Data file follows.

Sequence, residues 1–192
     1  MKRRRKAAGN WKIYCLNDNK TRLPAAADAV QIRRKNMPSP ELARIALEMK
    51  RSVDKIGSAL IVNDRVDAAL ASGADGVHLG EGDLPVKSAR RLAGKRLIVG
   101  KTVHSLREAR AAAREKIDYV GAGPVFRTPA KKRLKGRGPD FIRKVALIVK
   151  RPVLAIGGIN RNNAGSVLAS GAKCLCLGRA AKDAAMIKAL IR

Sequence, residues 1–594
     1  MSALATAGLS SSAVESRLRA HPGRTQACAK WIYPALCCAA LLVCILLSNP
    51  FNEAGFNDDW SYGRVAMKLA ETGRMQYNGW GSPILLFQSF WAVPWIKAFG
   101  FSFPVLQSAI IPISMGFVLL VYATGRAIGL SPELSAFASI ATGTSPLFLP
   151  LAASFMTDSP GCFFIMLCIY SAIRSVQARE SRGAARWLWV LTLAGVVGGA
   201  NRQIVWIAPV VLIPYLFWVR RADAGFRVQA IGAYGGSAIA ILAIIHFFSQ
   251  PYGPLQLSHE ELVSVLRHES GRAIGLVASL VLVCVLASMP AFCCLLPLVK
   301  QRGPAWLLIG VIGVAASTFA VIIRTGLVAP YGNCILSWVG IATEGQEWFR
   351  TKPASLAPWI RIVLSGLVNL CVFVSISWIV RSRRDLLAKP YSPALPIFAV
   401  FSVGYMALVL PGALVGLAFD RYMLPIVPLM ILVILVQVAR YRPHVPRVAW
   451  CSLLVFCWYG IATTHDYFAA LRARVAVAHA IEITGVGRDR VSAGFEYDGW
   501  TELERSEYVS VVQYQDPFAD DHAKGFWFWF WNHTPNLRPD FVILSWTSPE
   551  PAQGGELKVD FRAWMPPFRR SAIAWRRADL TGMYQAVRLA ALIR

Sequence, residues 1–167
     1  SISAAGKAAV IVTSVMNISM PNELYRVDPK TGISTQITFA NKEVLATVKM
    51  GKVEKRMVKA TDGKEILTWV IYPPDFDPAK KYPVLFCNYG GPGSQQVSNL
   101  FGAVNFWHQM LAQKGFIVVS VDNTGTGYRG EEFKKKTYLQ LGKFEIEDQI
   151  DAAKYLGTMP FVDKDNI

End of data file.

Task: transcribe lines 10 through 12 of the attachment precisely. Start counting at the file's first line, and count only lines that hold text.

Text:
   151  LAASFMTDSP GCFFIMLCIY SAIRSVQARE SRGAARWLWV LTLAGVVGGA
   201  NRQIVWIAPV VLIPYLFWVR RADAGFRVQA IGAYGGSAIA ILAIIHFFSQ
   251  PYGPLQLSHE ELVSVLRHES GRAIGLVASL VLVCVLASMP AFCCLLPLVK